Jack is a sensitive soul. The sweet Quarter Horse gelding belongs to our digital managing editor, Michelle Anderson, who has regaled our team over the years with tales about his idiosyncracies—many of which center around his allergies. When juniper tree pollen is airborne, he breaks out in hives. If his stablemates are being silly and aggravating him, it has the same result.
A few weeks ago Michelle posted a video of Jack and one of his pasturemates in the snow. Jack was intent on getting in a good roll, whereas the mare was doing gleeful wheelies around him. After rolling he retreated to the run-in shed, then hesitated quizzically before darting out playfully to drop and roll again. All the while the mare whirled around him. I commented that Jack didn’t know whether to join in on the fun or break into hives. Michelle commented to me later that he did the latter.
This month freelance contributor Lucile Vigouroux delves into equine allergies, why they happen, and what we can do about them. I was curious about Jack’s seemingly allergic response to stress, so I reached out to one of Lucile’s sources, Dr. Samuel White of Nottingham Trent University, in the U.K.
He explained that in human and animal research models, stressed individuals’ bodies release a variety of hormones and chemicals, including histamine. We know—if not from biology class, from allergy medication commercials—that histamine is responsible for allergy symptoms. “So, although stress does not result in allergies,” he says, “it can heighten the response by increasing histamine levels systemically.”
He suggested if Jack is very prone to hives (which he is), histamine levels released through stress could be enough to lead to this response. And if Jack tends to stress in general— which he does, says Michelle, if separated from friends or around someone new—his immune system might be mildly altered. White referred to studies in swine showing that housing space allowance significantly influences proteins called proinflammatory cytokines, resulting in inflammation.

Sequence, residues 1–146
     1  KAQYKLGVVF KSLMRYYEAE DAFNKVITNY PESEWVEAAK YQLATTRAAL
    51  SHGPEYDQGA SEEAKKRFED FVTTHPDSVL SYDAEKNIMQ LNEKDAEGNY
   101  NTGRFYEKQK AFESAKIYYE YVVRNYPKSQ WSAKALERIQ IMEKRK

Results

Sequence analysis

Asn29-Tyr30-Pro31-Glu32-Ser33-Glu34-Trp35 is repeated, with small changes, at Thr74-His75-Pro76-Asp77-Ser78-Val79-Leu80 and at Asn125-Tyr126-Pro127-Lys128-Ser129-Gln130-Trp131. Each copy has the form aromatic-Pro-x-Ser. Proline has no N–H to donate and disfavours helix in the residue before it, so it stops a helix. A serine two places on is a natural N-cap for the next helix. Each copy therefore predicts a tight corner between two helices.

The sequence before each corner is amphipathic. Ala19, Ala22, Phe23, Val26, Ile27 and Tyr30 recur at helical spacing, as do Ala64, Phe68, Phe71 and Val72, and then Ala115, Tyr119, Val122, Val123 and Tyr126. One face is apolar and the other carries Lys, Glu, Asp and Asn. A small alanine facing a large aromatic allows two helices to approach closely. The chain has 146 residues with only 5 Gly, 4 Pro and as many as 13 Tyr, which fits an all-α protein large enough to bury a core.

“Similarly, secretory immunoglobulin A (sIgA) is secreted by all mucosal surfaces, playing a key role in disease prevention,” White added, and “reflects the functional status of the mucosal immune system.” Scientists have shown that physical and psychological stress highly influence IgA concentrations in a range of animals, a decrease he said would also make it more likely for an allergic reaction to occur.
Put simply, Jack is primed to release histamine at a moment’s notice.
I was lucky enough to meet Jack in 2018. As I approached his paddock, he eyeballed me skeptically, so I offered treats and scratches. Later we rode in the Oregon Badlands Wilderness Area and on trails at the foot of Mt. Bachelor. I’m happy to report we completed the rides juniper-pollen- and—despite some snowmelt-fueled mosquito hatches—hive-free.
Editor’s note: This column appears in the May 2021 issue of The Horse: Your Guide to Equine Health Care.